Unfortunately, despite the gorgeous look of this plant, all its parts contain alkaloids, so it’s pretty toxic to humans and pets. As a result, it might be best to avoid growing this flower if you have pets and kids who spend a lot of time in the garden.
– What It Looks Like
The delphinium plant has maple-like leaves and its dark purple-blue flowers grow on spikes. Some of the stems can be six feet tall, and the flowers bloom in summer and fall.
– How and Where to Plant It
The beautiful delphinium flowers can be easily started from seeds. You can grow them indoors in February or March, and they grow pretty fast, usually flowering in their first season.
Maintaining the delphinium’s optimum growing conditions can be a bit challenging. This plant thrives in a sunny location in a relatively cool and dry summer climate. It also needs to grow in well-draining soil that is slightly alkaline.
For the best results, the crown of the delphinium should be buried shallowly, and it needs stalking as it grows. You should also grow it near a fence or a wall to provide some protection from the strong winds. Avoid wetting the leaves to protect this plant from fungal infections, and the soil shouldn’t be too wet as it’s prone to root rot.
8. Dew Flower
Penstemon cobaea, or the dew flower, is a gorgeous flower that adds vibrance and beauty to your garden. It’s native to Southwestern US and has more blooms than most penstemons. This plant has dark green hair-like leaves and big noticeable flowers that come in shades of pink, purple, crimson red, and white, and they bloom from mid-spring to summer.
– Why It’s Special
The dew flower is an excellent addition to your garden because it has a long blooming season, showing off its one and half-inch flowers. To grow this plant, you need to collect the softwood cuttings in the summer and then divide them in spring.
The dew flower complements the look of rock gardens and gravel pathways. It can also be the right addition to your native plant garden or a sunny flower bed.
– Growing Conditions
The dew flower thrives in full sun and has moderate water requirements. It grows in well-draining soil and should be adequately maintained, especially when the plant is young, because snails and slugs can easily attack it. This plant is also prone to powdery mildew.
9. Dutchman’s Breeches
Dicentra cucullaria, or Dutchman’s breeches, is an ephemeral plant that blooms only for a couple of weeks before its impressive fern-like foliage fades.
Yet many gardeners choose to grow it for this brief period thanks to its stunning white and less commonly pink flowers. In the past, bleeding heart flowers were believed to belong to the same family, but now botanists differentiate the two species.
– Special Features
Native to North America, the Dutchman’s breeches has a slow growth rate. When planted in the fall, it will continue to grow slowly during the cold season, with the flowers blooming in mid-spring.
This plant gets its name from the oddly V-shaped flowers that look like old-fashioned Dutch plants drying on a clothesline. Unfortunately, all parts of this gorgeous plant are toxic to pets and humans, so you should think carefully about where to plant it.
– How To Grow It
As long as you pick the right spot to grow your Dutchman’s breeches, this plant will be straightforward to take care of. This flowering plant thrives in partial or even full shade because, in its natural habitat, it grows on the forest floor, receiving only filtered light. It can survive in various soil conditions, but it prefers to grow in well-draining organically-rich soil.
If you live in a snowy area, the melting of the snow will get this plant’s watering needs covered. In hotter climates, you need to water your Dutchman’s breeches only when the top of the soil is dry. Watering the plant is essential before blooming, but once it starts to bloom, you can stop.
The daylily or day lily is an easy-to-grow perennial that even a beginner gardener can grow as an edge or border plant. With too different varieties to pick from, your daylilies come in various warm and cool colors to complement the look of the other blooms in your garden.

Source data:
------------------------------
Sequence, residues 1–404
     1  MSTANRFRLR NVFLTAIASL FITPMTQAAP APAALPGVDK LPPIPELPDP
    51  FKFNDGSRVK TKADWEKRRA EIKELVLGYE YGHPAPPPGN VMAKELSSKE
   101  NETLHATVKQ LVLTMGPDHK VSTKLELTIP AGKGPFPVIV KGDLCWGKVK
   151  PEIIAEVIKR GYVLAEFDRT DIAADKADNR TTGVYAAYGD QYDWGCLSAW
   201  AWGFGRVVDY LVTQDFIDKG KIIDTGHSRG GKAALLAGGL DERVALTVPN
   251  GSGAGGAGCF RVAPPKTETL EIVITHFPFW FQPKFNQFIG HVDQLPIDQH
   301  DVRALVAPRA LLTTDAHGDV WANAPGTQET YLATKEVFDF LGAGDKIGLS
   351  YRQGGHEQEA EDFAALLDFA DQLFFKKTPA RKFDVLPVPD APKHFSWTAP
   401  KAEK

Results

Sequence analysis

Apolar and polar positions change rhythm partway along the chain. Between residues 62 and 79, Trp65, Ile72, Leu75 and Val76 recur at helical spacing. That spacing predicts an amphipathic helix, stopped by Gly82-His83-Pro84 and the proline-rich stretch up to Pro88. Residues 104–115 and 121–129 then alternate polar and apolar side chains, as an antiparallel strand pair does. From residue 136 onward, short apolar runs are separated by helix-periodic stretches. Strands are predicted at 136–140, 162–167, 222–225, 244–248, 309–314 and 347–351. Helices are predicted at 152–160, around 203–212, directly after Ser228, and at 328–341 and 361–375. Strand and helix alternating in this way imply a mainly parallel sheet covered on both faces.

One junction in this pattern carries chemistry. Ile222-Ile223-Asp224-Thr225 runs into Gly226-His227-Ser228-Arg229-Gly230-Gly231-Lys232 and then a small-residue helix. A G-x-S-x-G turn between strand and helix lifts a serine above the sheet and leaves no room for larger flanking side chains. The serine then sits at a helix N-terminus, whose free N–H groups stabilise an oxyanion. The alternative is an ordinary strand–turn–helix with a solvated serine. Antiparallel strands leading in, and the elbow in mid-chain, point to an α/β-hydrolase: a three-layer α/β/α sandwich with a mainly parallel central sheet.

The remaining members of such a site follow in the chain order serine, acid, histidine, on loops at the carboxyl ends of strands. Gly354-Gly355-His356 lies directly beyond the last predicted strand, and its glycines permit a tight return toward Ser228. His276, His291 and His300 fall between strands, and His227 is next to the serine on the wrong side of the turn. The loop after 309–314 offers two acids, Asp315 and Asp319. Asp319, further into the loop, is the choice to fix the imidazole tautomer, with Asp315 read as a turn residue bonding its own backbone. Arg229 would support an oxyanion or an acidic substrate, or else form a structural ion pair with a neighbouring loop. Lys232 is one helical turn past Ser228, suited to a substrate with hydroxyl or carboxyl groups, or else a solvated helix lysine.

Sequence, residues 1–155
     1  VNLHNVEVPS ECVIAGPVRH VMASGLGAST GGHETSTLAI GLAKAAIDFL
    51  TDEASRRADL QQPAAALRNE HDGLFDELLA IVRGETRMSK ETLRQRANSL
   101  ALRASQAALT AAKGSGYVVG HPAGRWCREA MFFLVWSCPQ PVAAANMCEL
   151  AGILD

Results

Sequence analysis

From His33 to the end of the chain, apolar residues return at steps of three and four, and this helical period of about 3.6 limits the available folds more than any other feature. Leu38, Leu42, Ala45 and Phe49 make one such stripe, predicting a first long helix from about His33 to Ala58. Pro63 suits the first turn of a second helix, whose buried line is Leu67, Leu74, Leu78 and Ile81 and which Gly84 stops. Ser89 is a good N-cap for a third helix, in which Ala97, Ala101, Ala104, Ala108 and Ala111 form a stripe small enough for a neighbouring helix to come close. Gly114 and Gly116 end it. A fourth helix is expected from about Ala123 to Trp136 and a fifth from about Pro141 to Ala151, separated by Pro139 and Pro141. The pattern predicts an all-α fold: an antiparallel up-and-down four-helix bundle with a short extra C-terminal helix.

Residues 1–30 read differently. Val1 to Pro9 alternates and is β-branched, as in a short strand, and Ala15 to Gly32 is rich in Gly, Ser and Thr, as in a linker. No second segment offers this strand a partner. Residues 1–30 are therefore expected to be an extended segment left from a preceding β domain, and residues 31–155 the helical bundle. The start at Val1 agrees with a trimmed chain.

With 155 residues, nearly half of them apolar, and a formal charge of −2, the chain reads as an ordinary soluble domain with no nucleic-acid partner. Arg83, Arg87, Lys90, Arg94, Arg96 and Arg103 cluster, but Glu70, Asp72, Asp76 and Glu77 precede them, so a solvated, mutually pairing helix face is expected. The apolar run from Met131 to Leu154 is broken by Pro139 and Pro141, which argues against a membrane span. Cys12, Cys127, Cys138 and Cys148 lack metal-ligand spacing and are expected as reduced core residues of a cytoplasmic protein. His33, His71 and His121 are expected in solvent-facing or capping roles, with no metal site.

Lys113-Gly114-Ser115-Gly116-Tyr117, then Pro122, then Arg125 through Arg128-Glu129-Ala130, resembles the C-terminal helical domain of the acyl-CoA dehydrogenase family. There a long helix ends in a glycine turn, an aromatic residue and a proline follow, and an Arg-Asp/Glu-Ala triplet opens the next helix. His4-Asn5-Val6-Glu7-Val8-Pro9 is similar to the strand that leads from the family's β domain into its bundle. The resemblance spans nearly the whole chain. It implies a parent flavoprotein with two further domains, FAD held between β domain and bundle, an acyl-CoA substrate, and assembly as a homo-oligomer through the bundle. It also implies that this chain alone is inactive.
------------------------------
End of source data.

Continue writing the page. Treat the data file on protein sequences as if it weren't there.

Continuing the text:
Flowering begins in spring, and the flowers stay in bloom until late summer. Daylilies come in shades of yellow, orange, red, purple, and pink, but the most common ones come in one color with stamens of a different one. However, some less common varieties are too vibrant, with three colors or more.
Daylilies attract hummingbirds and butterflies to your butterfly garden, but they’re toxic to cats. Yet, they’re safe for humans and dogs, and the plant is eaten in some parts of the world.
– When and Where To Grow It
You can plant daylilies in early spring or fall, away from the threat of frost. This plant prefers full sun, but some daylilies, especially darker varieties, prefer some afternoon shade to protect their brilliant colors in hotter climates.
Daylilies can survive in different soil conditions but prefer fertile loamy soil. Adding compost and mulch will improve moisture, as this plant needs to be watered only when the weather is too dry.
11. Dalmatian Iris
The dalmatian iris is an evergreen variety of bearded iris that is native to Croatia. Most dalmatian iris plants grow fragrant blue or lavender flowers. Some types have variegated, sword-life foliage, making this plant an attention grabber, even when the flowers aren’t in bloom.
The flowers also make great cut flowers and can last for a couple of weeks in a vase. This plant’s parts are toxic to pets and can cause skin irritation, so you should wear protective gloves while handling it.
– Planting Ideas
You can grow dalmatian iris in patio containers or mixed with other border plants in coastal and cottage gardens. It’s a vibrant addition to your early spring garden, and the sweet fragrance will attract hummingbirds and butterflies.
This iris variety is an excellent choice for a beginner gardener because it’s a low-maintenance plant and it’s pretty easy to grow. Planting the dalmatian iris in a large group is recommended, allowing you to create a bouquet-like effect.
– Growing Conditions
The dalmatian iris thrives in full sunlight but can also handle partial shade and prefers acidic, humus-rich soil. It becomes drought-resistant once established but needs regular watering during the growing period.
Growing plants that start with D can be an excellent choice if you want every flower in your garden to begin with your initial or if you want to group plants according to their names.
- Dutch iris, delosperma, dalmatian iris, daylily, and desert rose are excellent choices for a beginner gardener because they’re easy to take care of.
- Diascia, delosperma, desert marigold, Dahlberg daisy, and dalmatian iris are drought-resistant when mature.
- Delphinium, Dutchman’s breeches, and dalmatian iris are toxic to humans and pets and should be handled with care.
- Daylily flowers are only toxic to cats, but they’re safe for humans and dogs, and the plant is also eaten in several parts of the world.
- Desert marigold is poisonous to sheep but safe for other pets.
So, which plant or flower that begins with D will you grow next?